Tue, 14 Mar 2000

IBRA's asset sales

The Indonesian Bank Restructuring Agency (IBRA), hard-pressed to raise at least US$5.1 billion (Rp 36 trillion) by December for the state budget, has of late been flaunting its asset disposal plans covering equities in going companies, bad loans and properties spread throughout the country. This is all part of about Rp 600 trillion (book value) worth of assets taken over by the agency from state banks and closed, nationalized and recapitalized banks.

The agency announced detailed plans to sell within this year equities in at least 20 companies, including Bank Central Asia (BCA), and a good portion of 1,105 properties, or bank offices, and some of the Rp 220 trillion worth of bad loans it now manages.

The plans, which appear well-prepared, do not, however, impress anyone who is familiar with the agency's shoddy deals over the past year. In fact, IBRA may fall behind its target of raising Rp 17 trillion in the current fiscal year ending later this month. The agency had collected only Rp 10.5 trillion as of early this month, and the only major source of possible revenue until the end of the fiscal year is the sale of its 40 percent equity in PT Astra International, which is expected to bring in about Rp 3 trillion.

While South Korea and Thailand have been enjoying strong recovery due to the massive return of foreign direct investment, mainly through asset acquisition, Indonesia remains mired in a slump. South Korea, for example, has been working really hard to put out the welcome mat for foreign investors. It got $15.5 billion in foreign direct investment last year, or twice as much as that in 1998, mainly through asset sales.

As the rupiah exchange rate to the dollar is still more than 66 percent lower than it was at the beginning of the economic crisis in mid-1997, IBRA, which holds a huge amount of assets, was supposed to be a one-stop service for foreign investors. But instead of becoming a paradise for deals, IBRA has often been seen as a labyrinth that confuses investors combing through the rubble of assets in its holding.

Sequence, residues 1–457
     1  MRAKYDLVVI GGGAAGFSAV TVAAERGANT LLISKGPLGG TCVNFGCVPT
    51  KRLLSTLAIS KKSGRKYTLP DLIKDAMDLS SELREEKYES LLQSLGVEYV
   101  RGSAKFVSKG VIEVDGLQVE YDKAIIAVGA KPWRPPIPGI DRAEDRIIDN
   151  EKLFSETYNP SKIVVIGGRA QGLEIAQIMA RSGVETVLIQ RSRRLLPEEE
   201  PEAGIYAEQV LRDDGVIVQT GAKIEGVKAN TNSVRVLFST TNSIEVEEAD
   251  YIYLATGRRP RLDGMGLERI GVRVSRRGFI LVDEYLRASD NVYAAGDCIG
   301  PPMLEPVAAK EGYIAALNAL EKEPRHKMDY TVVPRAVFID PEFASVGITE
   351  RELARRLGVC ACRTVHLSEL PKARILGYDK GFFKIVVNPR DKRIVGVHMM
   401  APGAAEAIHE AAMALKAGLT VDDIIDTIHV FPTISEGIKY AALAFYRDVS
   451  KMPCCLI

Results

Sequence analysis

Standard Chartered Bank of Britain, the first foreign investor seriously committed to acquiring a local bank, became so frustrated with the process of its deal with IBRA for equity investment in Bank Bali that it abruptly quit the transaction last year. An American investor consortium led by Newbridge Capital/Global Equity also got burned in their bid to buy IBRA's 40 percent stake in Astra International in January. Though this consortium still joined the second round of bids, the bitter experience adversely affected IBRA's reputation in deal-making.

IBRA announced last month another setback in its plan to sell BCA, saying that the bank's initial public offering could not be launched as scheduled in March due to technicalities.

What makes things even more disappointing is that the reasons behind the thwarted deals were not the prices or sense of nationalism, as many had feared, but IBRA's clumsiness in identifying, documenting and sorting out the bad loans and other assets it now manages. One would understand that since IBRA was set up during the peak of the crisis in January 1998, and served as a dumping ground for ailing banks, the assets it took over were neither clearly identified nor properly documented. But still the whole process should not have taken more than a year to complete.

Because IBRA is one of the major sources of revenue for the state budget -- it is tasked to raise almost Rp 19 trillion between April and December alone -- the agency should have placed top priority in sorting out and processing all the documents related to the acquisition. Only then could it package the assets into easily saleable forms and adequately schedule their sales to achieve maximum value.

A proper documenting process will become even more imperative now as IBRA will soon begin selling the 1,105 properties and smaller sizes of bad loans it took over from closed banks. Selling properties with incomplete legal titles and poorly documented loans will not only lead the agency into a messy litigation process, but also scare away the few remaining investors still interested in IBRA assets.